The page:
Commonwealth v. Jones: Inspection Stickers and Reasonable Suspicion to Stop a Vehicle

In the case of Commonwealth v. Jones, decided on January 7, 2022, the Massachusetts Appeals Court addressed whether the police had reasonable suspicion to justify stopping the defendant for committing a civil motor vehicle infraction based on their good faith, but incorrect, belief that the car could not be operated lawfully without an inspection sticker. In Jones, the police observed the defendant driving a vehicle that did not have an inspection sticker on its windshield. Because the police suspected, based on the vehicle not having an inspection sticker on the windshield, that the defendant was operating the vehicle illegally, one officer activated the police cruiser’s emergency lights to signal the defendant to pull over. Another officer in the passenger seat queried the vehicle's license plate number on the cruiser's mobile data terminal (MDT) in order to access information about "the car's registration, insurance status, [and] whether the car was stolen or had attached plates." Ultimately, the defendant pulled over and, after approaching the defendant’s vehicle, police allegedly noticed the odor of an alcoholic beverage on the defendant's breath and a partially full container of beer in the vehicle. The defendant was subsequently arrested for operating under the influence of intoxicating liquor (OUI) in violation of M.G.L. c. 90, § 24.

Reasonable Suspicion Requirement For Motor Vehicle Stops

The Court in Jones recognized that where police have observed a traffic violation, they are permitted to stop a motor vehicle. However, the Court also recognized, citing well-settled precedent, that a police stop of a moving automobile is a seizure, and must comply with the Fourth Amendment to the United States Constitution and with article 14 of the Massachusetts Declaration of Rights. In order for a stop to be in compliance with state and federal constitutional principles, the Court noted that police must have “reasonable suspicion” to conduct the stop. As a result, the Court’s analysis in Jones was based on whether police had “reasonable suspicion” to stop the defendant’s car. In this case, the police stopped the defendant because they suspected the defendant was illegally operating the vehicle based on the fact the vehicle did not have an inspection sticker on its windshield.

Reasonable Suspicion to Stop a Motor Vehicle Without Inspection Sticker

Under Massachusetts law, specifically G. L. c. 90, § 7A, motor vehicles must undergo annual safety inspections according to rules and regulations established by the Registrar of Motor Vehicles. The results of these inspections are displayed on a certificate, commonly referred to as an "inspection sticker," which is affixed to the vehicle's windshield. The regulations require an initial inspection after a vehicle is registered, and mandate subsequent annual inspections on or before the expiration of the vehicle's existing certificate. Under 540 Code Mass. Regs. § 4.03(1)(a), the initial inspection must be performed within seven days from when a newly-acquired vehicle is registered. As a result, there is a seven day grace period to obtain this initial inspection. Thus, there is a seven-day window where a person may operate a newly-acquired, newly-registered, vehicle without an inspection sticker.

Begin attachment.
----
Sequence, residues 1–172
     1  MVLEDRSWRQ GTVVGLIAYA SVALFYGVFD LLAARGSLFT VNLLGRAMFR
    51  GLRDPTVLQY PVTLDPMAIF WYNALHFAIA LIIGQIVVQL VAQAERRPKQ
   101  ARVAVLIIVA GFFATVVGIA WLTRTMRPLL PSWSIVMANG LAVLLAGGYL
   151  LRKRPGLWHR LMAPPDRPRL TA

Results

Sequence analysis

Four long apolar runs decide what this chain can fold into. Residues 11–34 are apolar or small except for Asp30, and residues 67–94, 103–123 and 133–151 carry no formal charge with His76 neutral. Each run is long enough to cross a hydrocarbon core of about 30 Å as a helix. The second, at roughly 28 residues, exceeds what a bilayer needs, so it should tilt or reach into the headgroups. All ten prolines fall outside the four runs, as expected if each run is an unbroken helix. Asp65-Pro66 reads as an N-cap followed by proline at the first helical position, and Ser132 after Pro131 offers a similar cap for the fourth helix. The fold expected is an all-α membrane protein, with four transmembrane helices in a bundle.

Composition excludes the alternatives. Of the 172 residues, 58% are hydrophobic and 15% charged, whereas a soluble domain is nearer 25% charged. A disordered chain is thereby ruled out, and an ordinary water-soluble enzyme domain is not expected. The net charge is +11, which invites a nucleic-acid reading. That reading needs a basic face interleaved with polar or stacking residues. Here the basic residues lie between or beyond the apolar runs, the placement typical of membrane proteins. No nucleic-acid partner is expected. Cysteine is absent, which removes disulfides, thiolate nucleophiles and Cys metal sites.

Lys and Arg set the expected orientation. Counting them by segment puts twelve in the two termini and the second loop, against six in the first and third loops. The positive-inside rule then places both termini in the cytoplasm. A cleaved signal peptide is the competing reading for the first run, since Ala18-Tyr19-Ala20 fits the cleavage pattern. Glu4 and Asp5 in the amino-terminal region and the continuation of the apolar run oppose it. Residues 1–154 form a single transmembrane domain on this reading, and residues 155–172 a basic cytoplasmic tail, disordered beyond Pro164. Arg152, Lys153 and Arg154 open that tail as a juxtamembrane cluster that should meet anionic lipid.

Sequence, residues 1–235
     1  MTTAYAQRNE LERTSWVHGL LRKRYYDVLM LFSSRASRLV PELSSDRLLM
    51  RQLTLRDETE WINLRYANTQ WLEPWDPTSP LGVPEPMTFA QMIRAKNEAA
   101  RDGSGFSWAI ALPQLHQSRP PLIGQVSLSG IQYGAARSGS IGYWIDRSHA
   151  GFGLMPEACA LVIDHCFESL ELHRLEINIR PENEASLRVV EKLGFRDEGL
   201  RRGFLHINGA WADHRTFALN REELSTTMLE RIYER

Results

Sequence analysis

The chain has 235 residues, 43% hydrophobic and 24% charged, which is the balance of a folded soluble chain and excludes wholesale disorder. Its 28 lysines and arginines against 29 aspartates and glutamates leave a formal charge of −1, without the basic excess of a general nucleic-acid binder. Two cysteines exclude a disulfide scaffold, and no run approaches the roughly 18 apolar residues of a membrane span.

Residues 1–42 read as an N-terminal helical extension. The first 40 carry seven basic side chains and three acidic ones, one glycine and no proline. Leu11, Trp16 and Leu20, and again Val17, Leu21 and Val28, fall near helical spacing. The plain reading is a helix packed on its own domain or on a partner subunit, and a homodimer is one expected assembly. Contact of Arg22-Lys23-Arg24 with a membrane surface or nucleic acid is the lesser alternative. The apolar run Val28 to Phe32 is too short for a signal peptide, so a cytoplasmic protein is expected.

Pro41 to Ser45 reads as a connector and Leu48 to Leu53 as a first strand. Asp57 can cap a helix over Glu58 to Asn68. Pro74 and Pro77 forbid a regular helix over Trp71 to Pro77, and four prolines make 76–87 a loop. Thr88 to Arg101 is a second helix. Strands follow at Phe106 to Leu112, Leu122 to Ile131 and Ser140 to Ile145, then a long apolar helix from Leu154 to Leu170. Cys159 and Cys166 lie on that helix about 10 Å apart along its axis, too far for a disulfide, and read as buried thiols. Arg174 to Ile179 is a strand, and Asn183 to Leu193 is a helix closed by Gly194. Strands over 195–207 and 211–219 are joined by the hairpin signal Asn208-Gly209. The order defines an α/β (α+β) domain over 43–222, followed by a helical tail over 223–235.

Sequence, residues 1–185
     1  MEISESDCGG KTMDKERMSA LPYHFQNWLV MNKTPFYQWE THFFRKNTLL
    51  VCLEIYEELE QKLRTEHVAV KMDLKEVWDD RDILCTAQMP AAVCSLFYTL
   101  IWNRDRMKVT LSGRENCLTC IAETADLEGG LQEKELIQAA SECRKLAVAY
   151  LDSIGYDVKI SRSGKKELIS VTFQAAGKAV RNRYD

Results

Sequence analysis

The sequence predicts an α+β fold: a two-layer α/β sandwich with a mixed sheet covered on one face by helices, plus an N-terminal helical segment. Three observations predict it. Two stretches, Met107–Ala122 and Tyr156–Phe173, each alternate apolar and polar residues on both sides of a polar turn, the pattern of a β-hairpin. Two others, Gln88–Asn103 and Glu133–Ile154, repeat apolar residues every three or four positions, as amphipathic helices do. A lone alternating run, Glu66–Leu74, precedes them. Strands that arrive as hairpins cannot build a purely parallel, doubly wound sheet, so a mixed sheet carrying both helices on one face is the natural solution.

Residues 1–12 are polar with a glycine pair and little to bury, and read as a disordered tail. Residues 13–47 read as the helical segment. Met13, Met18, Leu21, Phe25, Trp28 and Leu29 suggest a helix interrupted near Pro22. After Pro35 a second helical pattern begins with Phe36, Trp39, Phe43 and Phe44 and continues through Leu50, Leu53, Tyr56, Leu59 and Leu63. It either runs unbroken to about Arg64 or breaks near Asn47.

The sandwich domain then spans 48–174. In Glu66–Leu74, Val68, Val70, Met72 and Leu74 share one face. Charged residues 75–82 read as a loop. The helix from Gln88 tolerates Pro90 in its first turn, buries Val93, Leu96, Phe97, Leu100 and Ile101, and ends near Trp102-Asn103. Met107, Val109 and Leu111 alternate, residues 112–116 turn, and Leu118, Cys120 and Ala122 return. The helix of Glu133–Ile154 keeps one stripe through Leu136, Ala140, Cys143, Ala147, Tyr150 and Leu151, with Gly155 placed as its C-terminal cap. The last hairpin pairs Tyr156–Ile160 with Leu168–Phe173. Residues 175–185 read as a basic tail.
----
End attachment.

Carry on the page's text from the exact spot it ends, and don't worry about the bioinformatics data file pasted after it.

In Jones, the police observed the defendant operating a vehicle without an inspection sticker, however, by using the cruiser's mobile data terminal, they were able to determine the defendant's car had been properly registered no more than seven days earlier. As a result, the defendant was legally operating the vehicle despite the fact that it did not have an inspection sticker. The Court held that the stop was unlawful because information that would have corrected the polices' mistake, specifically the information about when the vehicle was registered, which was available to them in their cruiser before they initiated the stop. As a result, the Court reversed the order that the police did not have a legal basis to stop the vehicle and ordered that the defendant's prior motion to suppress the stop should have been allowed.

The Court distinguished the facts in Jones from other cases where the police “not only did not know whether the defendant was operating lawfully or unlawfully but that they could not have known that information without stopping the car.” In those cases where the police could not determine whether a person was operating the vehicle lawfully or unlawfully without stopping the vehicle, the Court concluded that reasonable suspicion sufficient to justify a traffic stop existed. In Jones, on the other hand, the police had access to information in their cruiser, prior to the stop, that alerted them to the fact that the defendant was operating the vehicle lawfully, even though no inspection sticker was attached to the vehicle. This, the Court said, was unreasonable.

In conclusion, the Court’s holding in Jones is significant because if police have access to information that would have corrected a mistaken belief that a defendant was operating a vehicle illegally before they initiated a stop, like information about when a vehicle was registered, then a Court could find that the stop was unreasonable for constitutional purposes.

If you have been stopped by the police and are now facing criminal charges, it is crucial that you work with an experienced attorney to determine whether the police acted illegally. Contact The Law Offices of Joseph D. Bernard today for a free consultation to discuss your case.